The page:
Introduction

A Canterbury man has been successfully prosecuted for breaking whitebaiting rules while fishing on the Ashley River/Rakahuri last spring.

A Canterbury man has been successfully prosecuted for breaking whitebaiting rules while fishing on the Ashley River/Rakahuri last spring.

Mr Robert Chong, 39, dairy farmer, of Kaiapoi was caught fishing with two unattended nets in the river in September. Under the whitebait regulations fishers can only use one net at a time and must remain within 10 metres of their net.  

A complaint from the public led to Mr Chong being investigated.

DOC Conservation Services Manager Wayne Beggs said DOC takes the issue of illegal whitebaiting seriously and will prosecute people who flaunt the regulations.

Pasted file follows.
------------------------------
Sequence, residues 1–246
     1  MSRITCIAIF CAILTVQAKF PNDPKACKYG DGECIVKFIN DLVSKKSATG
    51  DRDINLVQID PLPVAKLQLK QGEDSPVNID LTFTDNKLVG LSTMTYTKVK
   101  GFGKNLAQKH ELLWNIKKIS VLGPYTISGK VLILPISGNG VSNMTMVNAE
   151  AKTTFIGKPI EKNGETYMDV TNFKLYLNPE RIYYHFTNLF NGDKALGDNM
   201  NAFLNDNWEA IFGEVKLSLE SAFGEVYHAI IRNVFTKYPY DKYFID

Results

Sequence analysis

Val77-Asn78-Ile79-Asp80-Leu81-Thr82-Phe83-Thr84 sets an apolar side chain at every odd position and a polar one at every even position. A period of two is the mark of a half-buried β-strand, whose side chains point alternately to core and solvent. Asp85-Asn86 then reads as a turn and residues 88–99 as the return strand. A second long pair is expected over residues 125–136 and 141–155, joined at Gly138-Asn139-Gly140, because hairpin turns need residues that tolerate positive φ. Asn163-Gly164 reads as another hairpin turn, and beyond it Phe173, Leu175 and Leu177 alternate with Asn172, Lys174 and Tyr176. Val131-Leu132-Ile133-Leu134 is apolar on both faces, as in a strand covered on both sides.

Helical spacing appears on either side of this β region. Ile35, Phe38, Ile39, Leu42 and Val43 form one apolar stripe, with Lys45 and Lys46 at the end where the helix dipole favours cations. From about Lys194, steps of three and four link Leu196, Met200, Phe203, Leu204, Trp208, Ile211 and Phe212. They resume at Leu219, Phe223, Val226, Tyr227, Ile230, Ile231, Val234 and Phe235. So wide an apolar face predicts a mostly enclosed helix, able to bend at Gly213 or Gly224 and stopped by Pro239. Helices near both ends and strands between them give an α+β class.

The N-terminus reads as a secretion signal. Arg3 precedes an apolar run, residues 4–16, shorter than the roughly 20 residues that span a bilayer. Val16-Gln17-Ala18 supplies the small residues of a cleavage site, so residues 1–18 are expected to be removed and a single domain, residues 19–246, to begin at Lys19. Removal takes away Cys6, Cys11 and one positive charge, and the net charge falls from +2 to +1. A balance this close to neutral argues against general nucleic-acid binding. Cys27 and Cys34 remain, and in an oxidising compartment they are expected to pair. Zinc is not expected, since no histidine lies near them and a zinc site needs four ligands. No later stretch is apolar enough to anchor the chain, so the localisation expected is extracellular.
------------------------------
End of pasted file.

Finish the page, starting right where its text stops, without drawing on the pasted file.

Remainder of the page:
“The rules are there to protect the whitebait fishery for future generations. Mr Chong’s actions reflect scant regard for the sustainability of the fishery.”

“Whitebait are in decline and we need to do everything we can to protect their habitat and look after the fishery.”

“I would like to thank the public for calling to advise us of the offending.”

Mr Chong’s whitebait nets in the Ashley River/Rakahuri.Mr Chong’s nets in the Ashley River/Rakahuri

Robert Chong appeared and pleaded guilty to both charges in the Christchurch District Court on 29 January. 

He was fined $500 on each of the two charges plus court costs, and had his whitebait nets and go-by fences forfeited.

Whitebait are the juveniles of five migratory native fish species— inanga, kōaro, giant kōkopu, banded kōkopu, giant kōkopu and shortjaw kōkopu—of which the latter three are found only in New Zealand.

DOC is responsible for managing New Zealand’s whitebait fishery.


Related link

Whitebaiting regulations

Back to top